So in the end, charges and fines for falsifying the tagging of a deer, were dished out to both parties—the guy that shot the deer, and the relative that tagged it in—and the buck was to be returned to the rightful owner as of December 10, 2009.

Now WHO, exactly, that “owner” is going to be is yet to be determined (at this time). Most likely the buck will go to the person that shot it—the legal trigger man, who wasn’t sure at the time whether he not he was the legal.

!?!

In conclusion, all I can come up with is this:

“Oh, what a tangled web we weave, when we practice to deceive.”

Evidently that applies to all of us, deer hunters included.


Defendant In False Bear Attack Case Pleads Guilty

The defendant charged with filing a false report after he told authorities an animal attacked him last September pleaded guilty in Campbell County Criminal Court this month.   Michael Savage, 28, of LaFollette, claimed he was walking along Demory Road in LaFollette in the early morning hours of  Sept. 4,  when he was attacked by an animal with dark coarse ... (click for more)

Cleveland Receives 24th Tree City USA Award

Cleveland has received its 24th Tree City U.S.A. award. The National Arbor Day Foundation recognizes Tree Cities annually. The local ceremony took place  Tuesday  beside the greenway at 20th and Keith streets. Mayor Tom Rowland pointed out cities must meet the foundation's criteria to receive the distinction. Taking part in the ceremony were members of the Cleveland ... (click for more)

Chattanooga Firefighter Arrested For Robbery Of Hixson Convenience Store

The Chattanooga Police Department has arrested a Chattanooga firefighter in connection with a robbery on Sunday morning. The firefighter has been identified as Steven Kyle Ratledge. Firefighter Ratledge was assigned to Station 19 in Hixson and has been with the department for approximately 3 1/2 years. Firefighter Ratledge has been placed on leave without pay as the investigation ... (click for more)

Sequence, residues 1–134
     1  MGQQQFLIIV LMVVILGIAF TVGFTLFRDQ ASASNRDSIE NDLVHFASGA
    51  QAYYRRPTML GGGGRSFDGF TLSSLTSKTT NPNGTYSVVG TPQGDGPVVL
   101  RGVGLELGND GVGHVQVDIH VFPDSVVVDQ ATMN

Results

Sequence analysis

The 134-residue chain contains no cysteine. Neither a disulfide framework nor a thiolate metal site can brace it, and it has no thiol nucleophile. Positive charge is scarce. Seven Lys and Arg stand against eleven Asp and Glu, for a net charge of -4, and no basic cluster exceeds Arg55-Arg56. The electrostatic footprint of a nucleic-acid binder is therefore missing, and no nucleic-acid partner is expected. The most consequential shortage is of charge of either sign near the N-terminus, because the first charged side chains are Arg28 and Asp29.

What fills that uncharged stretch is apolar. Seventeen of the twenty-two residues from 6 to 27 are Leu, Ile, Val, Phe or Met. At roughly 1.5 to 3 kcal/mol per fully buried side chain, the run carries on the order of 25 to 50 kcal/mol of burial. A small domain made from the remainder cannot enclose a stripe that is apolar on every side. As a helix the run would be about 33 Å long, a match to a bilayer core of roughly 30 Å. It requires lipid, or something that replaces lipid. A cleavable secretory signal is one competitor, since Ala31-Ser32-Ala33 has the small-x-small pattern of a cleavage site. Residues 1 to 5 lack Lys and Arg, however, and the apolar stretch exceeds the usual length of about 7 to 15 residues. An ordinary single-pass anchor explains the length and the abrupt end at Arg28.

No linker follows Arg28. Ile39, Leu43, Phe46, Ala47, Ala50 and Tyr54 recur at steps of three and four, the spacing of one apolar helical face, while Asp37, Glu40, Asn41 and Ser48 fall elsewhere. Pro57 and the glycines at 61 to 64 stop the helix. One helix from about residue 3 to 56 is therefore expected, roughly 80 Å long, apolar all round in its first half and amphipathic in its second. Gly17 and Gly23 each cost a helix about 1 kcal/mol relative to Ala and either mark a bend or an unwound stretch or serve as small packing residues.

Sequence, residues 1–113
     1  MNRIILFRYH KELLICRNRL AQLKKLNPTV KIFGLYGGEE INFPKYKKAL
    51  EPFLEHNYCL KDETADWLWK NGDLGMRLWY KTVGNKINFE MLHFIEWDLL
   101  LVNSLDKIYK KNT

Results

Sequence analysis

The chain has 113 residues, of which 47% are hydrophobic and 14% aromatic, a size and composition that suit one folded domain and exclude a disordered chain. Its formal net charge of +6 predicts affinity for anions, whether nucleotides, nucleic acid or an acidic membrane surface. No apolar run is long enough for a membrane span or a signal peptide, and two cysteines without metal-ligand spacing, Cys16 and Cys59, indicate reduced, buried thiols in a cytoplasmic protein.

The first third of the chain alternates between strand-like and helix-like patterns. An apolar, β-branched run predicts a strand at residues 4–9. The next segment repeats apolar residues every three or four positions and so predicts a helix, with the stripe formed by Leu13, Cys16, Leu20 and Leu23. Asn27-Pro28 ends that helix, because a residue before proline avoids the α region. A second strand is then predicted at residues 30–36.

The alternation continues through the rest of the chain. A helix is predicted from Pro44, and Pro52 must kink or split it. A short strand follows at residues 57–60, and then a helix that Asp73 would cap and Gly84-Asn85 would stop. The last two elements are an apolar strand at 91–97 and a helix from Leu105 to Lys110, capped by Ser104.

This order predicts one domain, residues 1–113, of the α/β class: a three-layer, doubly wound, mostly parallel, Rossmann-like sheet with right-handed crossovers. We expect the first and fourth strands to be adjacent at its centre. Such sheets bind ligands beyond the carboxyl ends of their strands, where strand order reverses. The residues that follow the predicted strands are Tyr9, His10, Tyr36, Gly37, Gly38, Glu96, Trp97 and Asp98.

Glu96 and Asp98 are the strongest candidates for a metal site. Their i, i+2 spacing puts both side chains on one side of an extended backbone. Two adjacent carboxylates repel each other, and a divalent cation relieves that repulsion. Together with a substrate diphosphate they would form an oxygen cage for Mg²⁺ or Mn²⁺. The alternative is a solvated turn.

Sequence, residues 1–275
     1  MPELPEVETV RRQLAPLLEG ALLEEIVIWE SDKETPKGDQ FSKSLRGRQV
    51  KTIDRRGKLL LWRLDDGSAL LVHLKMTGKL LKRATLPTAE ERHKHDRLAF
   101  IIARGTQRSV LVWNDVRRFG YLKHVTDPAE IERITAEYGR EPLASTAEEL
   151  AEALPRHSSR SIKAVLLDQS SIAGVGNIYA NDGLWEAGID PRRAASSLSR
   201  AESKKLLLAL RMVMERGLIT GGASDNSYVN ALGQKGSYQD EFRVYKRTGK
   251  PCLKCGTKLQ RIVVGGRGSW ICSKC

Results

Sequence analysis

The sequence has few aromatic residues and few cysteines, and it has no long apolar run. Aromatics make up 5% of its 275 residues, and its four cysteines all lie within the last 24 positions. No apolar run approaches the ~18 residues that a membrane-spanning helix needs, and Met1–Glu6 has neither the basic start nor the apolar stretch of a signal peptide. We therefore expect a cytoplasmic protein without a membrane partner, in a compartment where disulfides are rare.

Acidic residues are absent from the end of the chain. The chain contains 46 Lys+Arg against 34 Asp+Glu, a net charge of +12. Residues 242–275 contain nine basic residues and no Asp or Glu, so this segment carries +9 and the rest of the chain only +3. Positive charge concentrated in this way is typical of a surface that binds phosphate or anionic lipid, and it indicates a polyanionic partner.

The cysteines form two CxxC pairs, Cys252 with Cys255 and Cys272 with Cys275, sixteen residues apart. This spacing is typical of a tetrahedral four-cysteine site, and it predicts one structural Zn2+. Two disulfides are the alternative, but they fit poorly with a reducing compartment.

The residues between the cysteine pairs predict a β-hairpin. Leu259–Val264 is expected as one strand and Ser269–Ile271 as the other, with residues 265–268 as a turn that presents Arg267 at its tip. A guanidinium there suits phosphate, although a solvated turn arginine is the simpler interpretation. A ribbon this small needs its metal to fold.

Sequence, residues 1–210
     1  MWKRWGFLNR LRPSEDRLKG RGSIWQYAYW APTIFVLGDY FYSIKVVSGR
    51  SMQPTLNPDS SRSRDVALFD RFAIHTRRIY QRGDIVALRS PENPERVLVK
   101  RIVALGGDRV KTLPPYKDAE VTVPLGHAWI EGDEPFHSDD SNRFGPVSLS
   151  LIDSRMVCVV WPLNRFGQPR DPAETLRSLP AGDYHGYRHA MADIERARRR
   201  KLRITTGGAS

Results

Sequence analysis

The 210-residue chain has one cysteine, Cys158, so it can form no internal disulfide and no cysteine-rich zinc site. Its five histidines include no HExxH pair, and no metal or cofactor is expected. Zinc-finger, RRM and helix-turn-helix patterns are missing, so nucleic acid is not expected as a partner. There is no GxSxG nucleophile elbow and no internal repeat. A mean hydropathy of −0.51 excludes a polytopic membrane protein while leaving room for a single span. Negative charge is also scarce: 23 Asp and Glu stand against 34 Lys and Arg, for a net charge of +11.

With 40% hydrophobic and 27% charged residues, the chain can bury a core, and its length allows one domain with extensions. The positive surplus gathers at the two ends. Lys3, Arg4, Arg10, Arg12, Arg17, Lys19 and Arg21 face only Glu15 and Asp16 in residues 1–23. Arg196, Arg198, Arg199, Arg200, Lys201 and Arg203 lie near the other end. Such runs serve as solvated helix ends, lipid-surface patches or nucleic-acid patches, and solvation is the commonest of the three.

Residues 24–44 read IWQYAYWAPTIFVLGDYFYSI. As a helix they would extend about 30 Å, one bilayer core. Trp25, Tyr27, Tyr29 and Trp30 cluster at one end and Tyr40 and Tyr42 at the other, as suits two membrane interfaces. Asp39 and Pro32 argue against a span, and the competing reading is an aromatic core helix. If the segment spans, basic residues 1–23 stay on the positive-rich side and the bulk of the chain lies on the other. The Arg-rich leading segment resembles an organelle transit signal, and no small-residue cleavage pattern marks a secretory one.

Rescuers Help Man After He Falls 30 Feet From Signal Bluff

Rescuers helped a man back up after he fell 30 feet on a Signal Mountain bluff on Saturday night. However, he was not seriously injured. At 11 p.m., a 911 call was made reporting the fall. Walden's Ridge Emergency Services responded to 1425 East Brow Road. When rescue personnel arrived on the scene, they reported a 25-year-old male had fallen 30 feet off the side of ... (click for more)

Being Proactive With Parkinson's Disease

Parkinson’s disease is the second most common neurodegenerative disease after Alzheimer’s and is the 14th leading cause of death in the United States. It affects an estimated one million Americans and four to six million worldwide,  There is no cure for Parkinson’s, and 60,000 new cases are diagnosed each year in the United States alone. Source: National Parkinson’s Foundation  ... (click for more)

Roy Exum: My Garden In May

Back when we were kids this day’s battle cry was, “Hooray, hooray for the First of May! Outdoor swimming starts today! With temperatures in the high 80s and we dive in to a new month, our monthly walk in a garden heavy with spring time pollen looks promising … AN ORCHID for the movie “Rocky” on its 40 th anniversary: “Let me tell you something you already know. The world ain’t ... (click for more)